It is highly recommended that lifeguards actually get in the water to workout, swim laps and practice swimming skills. In camps with big bodies of water, this is especially important not only due to the wind and wave action, but also distance as well as temperature of the water. An 82 degree pool is very different than the 75 degree lake in the morning.
To ensure your facility hires properly trained lifeguards who are physically able to provide rescue services, conduct the following pre-employment screenings:
Check certification records. During the application process, it’s essential to check with the certifying agency to verify that your facility’s lifeguards have completed formal training.
Conduct a physical screening. Conducting a physical screening of lifeguards provides your organization with necessary information on whether a lifeguard will be able to perform all the essential functions of the job. Most importantly, it helps you determine any physical limitations that might impact the lifeguard’s performance of lifesaving duties.
Conduct a vision screening. If lifeguards cannot see clearly without corrective eye wear, they must have that eye wear with them to perform their jobs. Some programs have accommodated lifeguards who wear contact lenses by providing eye goggles. Other programs, such as those operating in open-surf conditions, have determined that contact lenses are a job disqualification because they are likely to be dislodged in turbulent surf conditions, even with the use of goggles. Job disqualification for the use of corrective eye wear is a site and condition specific consideration that needs careful study and even legal advice. The bottom line is that if lifeguards can’t see the victim, they can’t perform their jobs properly, and the chance of a successful rescue diminishes.
Offer the Hepatitis B vaccination. Aquatic directors should be aware that the Occupational Safety and Health Administration (OSHA) requires your organization to offer lifeguards, in writing, the Hepatitis B vaccination series. Although lifeguards may initially refuse the vaccination, they may change their minds (while still in your employ) or request it following a blood-borne pathogen exposure.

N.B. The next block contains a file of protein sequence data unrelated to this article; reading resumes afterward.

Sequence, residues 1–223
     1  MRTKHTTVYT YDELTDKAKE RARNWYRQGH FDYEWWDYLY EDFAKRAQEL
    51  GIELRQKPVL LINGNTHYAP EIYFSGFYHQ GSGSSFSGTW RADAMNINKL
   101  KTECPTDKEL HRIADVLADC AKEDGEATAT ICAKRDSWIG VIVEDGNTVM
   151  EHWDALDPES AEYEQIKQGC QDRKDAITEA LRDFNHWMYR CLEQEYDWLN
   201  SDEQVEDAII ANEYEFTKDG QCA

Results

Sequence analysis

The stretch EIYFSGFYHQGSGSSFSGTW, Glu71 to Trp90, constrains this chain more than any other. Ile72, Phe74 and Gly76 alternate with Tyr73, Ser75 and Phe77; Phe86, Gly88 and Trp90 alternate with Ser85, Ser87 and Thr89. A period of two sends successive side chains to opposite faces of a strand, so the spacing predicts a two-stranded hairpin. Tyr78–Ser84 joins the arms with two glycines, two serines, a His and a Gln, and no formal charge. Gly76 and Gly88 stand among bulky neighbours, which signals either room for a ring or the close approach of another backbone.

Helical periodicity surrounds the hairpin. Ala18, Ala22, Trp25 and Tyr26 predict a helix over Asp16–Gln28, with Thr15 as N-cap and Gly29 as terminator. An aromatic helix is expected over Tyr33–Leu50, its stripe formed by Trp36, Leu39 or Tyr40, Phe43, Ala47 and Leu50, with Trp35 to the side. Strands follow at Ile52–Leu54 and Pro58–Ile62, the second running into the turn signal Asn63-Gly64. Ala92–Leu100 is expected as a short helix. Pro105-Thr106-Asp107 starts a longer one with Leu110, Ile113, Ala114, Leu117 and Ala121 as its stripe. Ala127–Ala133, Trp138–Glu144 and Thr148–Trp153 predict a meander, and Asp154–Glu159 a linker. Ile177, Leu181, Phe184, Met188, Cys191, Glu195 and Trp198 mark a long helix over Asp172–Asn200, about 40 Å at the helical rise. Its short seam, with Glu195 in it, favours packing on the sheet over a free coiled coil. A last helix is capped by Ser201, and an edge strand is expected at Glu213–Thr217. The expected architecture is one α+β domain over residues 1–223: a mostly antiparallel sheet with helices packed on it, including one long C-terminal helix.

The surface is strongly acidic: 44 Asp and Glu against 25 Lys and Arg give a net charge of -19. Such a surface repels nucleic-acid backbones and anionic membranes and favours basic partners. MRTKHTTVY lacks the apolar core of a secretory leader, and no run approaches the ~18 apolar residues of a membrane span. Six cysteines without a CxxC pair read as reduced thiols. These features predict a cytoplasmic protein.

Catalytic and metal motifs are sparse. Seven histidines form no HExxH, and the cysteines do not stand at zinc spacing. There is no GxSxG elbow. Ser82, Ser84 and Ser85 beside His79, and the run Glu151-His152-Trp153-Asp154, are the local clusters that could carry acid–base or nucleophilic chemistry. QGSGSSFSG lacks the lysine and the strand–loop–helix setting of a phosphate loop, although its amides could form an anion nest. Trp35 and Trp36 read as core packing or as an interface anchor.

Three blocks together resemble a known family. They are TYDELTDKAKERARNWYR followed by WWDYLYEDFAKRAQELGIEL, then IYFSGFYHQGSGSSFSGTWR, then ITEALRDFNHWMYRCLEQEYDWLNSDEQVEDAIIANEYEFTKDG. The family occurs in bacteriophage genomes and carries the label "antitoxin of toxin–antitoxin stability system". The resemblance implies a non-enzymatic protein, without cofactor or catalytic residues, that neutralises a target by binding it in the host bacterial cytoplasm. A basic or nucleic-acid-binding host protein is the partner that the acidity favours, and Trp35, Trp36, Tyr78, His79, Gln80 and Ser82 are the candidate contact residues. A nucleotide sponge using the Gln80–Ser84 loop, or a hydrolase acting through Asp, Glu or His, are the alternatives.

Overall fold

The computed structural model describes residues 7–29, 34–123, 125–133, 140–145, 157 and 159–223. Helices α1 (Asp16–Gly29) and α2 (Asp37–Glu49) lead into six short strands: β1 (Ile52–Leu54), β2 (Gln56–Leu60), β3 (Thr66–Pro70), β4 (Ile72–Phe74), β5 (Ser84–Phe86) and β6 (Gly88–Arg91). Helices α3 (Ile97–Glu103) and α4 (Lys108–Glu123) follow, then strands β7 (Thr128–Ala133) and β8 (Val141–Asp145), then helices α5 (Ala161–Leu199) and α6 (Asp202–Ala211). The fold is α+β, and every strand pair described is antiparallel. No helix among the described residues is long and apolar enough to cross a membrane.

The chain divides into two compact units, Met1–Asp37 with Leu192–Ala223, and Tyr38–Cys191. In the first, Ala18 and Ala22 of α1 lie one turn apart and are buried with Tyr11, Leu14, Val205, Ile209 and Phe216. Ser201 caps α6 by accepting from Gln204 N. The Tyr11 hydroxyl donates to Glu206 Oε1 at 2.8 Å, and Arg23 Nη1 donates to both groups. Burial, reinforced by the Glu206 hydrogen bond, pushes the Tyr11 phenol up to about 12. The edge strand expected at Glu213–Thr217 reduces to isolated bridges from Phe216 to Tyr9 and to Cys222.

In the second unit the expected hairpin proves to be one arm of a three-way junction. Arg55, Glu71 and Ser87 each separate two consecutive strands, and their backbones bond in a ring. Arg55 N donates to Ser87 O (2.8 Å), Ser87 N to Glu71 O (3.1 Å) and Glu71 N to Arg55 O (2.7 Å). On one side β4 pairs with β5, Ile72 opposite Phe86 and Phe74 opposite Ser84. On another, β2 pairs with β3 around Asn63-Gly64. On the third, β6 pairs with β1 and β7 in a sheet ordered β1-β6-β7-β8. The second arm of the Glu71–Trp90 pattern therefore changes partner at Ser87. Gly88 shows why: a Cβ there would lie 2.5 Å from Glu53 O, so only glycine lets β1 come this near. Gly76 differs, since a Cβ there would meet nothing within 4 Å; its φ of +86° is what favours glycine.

Faster response time saves lives
Rapid response time is critical if a youth is to make a full recovery after a drowning incident. Most CPR classes state that brain damage does not begin until a youth has been without oxygen (underwater) for about four to six minutes.
Make sure your lifeguard training focuses on quick response times and searching large areas quickly. In cloudy water lakes, provide swim fins and face masks to facilitate search efforts, and train lifeguards in their use.
Opening and clearing airways
It’s impossible to overstate the importance of opening, and if possible, clearing the airway of drowning victims. Simply opening the airway when the victim’s mouth is above water often results in spontaneous respirations.
There are some fundamental differences between the American Red Cross, YMCA, Jeff Ellis, and USLA airway clearing training. American Red Cross lifeguards are taught to bring the victim out of the water onto a backboard or side of the pool before beginning rescue breathing and CPR. USLA, Jeff Ellis, and YMCA lifeguards are taught to try to establish an airway as soon as possible, even in the water. It’s important that aquatic directors understand the airway-clearing protocols their lifeguards were taught, especially when lifeguards received training through several different organizations, and match lifeguard training to their organization’s facilities and activities.
If your aquatics program operates at a lake with a large swim area, speak with your lifeguard training agency about which airway-clearing protocols to use in your specific situation.
Keeping lifeguards alert